They can be read in the library or taken out to be read in the comfort of one’s own home. It’s all up to the individual financial learner. And with libraries, these books can be renewed again and again if the initial information is not fully absorbed the first or second time before the due date when it needs to be returned. But the amount of free financial information here is simply overwhelming.


Financial Education and the American Student

Finances are a sore subject for a good majority of Americans. Full grown adults have little clue how to handle their finances on a daily. This is a contributing factor to the slugging economy we are faced with today. The problem can be relieved through simple education. In fact, public and private school systems across the country have begun mandatory financial education in high school in the hopes that more of the next generation will become financially conscious as they grow into adults.

Financial Education Programs

This is not a new concept. Some states have been implementing mandatory financial education for a number of years and more are joining the list each year. In 2007 a survey indicated that seventeen states required their high school students to take a mandatory economics class in order to graduate. A recent survey has found that now twenty-one states require an economics course in high school. The number of states requiring a personal finance courses has increased from seven to thirteen. Thirty-four states now have personal finance content standards. This is up from twenty-eight. Five states now require an entrepreneurship course in order to graduate as well.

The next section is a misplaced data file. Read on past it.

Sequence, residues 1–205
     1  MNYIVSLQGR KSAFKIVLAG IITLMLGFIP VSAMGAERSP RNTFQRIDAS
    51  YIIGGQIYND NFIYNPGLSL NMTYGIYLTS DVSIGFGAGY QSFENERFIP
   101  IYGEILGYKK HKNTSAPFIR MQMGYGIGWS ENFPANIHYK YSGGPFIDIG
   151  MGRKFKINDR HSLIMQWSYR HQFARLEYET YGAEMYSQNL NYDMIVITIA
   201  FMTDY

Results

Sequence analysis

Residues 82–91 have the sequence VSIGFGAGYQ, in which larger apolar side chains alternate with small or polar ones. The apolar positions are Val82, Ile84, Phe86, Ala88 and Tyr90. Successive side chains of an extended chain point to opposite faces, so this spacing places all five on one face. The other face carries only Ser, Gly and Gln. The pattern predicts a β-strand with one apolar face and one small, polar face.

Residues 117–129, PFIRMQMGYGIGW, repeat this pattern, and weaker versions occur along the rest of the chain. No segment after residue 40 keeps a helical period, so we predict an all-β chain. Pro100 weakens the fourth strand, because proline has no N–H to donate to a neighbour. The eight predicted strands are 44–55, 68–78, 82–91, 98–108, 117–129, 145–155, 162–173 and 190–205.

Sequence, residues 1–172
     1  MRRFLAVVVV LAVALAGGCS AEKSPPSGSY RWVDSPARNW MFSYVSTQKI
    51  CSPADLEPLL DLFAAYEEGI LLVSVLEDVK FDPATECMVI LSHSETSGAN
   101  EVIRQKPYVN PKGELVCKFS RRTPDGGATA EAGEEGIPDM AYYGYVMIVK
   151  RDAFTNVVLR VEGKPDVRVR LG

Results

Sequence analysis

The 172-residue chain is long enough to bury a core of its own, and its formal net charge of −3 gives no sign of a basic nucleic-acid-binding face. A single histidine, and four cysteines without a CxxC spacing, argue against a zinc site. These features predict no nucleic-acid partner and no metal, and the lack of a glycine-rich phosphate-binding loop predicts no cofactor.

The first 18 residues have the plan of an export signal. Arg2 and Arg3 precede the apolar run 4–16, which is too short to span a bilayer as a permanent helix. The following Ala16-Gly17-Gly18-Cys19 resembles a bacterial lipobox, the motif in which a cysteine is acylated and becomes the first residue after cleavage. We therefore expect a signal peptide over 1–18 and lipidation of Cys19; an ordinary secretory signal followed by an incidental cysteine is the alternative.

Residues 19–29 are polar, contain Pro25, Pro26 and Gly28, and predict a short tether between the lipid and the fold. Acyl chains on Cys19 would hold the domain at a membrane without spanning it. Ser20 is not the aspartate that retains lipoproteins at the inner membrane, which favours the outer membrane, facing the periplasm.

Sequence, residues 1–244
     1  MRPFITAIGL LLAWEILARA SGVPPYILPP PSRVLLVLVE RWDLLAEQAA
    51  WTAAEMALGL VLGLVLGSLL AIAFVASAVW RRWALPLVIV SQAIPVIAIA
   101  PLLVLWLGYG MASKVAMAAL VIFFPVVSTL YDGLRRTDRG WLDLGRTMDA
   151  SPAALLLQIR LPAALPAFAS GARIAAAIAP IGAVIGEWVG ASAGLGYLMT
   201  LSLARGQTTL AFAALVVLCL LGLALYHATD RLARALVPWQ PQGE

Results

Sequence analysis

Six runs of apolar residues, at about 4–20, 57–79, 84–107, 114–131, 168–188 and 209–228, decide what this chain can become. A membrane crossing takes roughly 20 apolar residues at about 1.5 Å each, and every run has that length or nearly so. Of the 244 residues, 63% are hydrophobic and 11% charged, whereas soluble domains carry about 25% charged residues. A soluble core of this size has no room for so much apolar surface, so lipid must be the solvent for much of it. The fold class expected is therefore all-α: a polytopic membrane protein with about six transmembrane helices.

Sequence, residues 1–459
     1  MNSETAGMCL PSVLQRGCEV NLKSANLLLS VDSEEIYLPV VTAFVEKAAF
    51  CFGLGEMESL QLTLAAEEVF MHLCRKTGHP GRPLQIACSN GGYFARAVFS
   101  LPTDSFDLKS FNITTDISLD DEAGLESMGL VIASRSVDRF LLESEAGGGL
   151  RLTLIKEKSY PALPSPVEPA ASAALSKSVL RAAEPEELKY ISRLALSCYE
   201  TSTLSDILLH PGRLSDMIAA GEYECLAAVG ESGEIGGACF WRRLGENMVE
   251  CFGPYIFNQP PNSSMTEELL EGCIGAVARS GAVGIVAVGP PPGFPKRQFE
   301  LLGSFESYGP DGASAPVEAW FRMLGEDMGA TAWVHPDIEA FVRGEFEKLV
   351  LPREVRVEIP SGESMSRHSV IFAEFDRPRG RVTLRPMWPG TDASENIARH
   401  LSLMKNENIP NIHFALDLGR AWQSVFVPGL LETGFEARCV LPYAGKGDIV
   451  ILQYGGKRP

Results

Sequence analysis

Why Aren’t Kids Learning?

All this extra education doesn’t seem to be working though. Financial literary test scores have not increased in the last decade. The reason why kids are having a hard time learning the content is unclear. Many people believe that the children are fully capable of understanding the material; educators are simply unable to teach it well. Only thirty-seven percent of teachers can even say they understand the material. This is the ratio of teachers who have taken even one personal finance course in college. Only twelve percent of teachers have even bothered to take a course on how to teach personal finance to kids.

The general consensus is that teachers are more concerned with their own financial conditions rather than teaching their students. Most teachers did not get into teaching for the purpose of teaching kids how to balance their checkbooks. They have little desire to teach finance to their students.

Take Responsibility for Your Child’s Education

Our education system has been falling behind for years. It is no secret that we are far from the best country in education. Fifteen year old students were out performed and scored lower than twenty-three other countries and education systems in mathematics. The same students ranked nineteenth out of sixty-five in science. Studies have shown that the average American kid is at the bottom of the barrel in terms of received education not just in finance but across the board. The education system is failing our children. As parents, it is up to us to teach our kids about personal finance. Otherwise, they may fall victim to the same poor financial practices that plague our generation.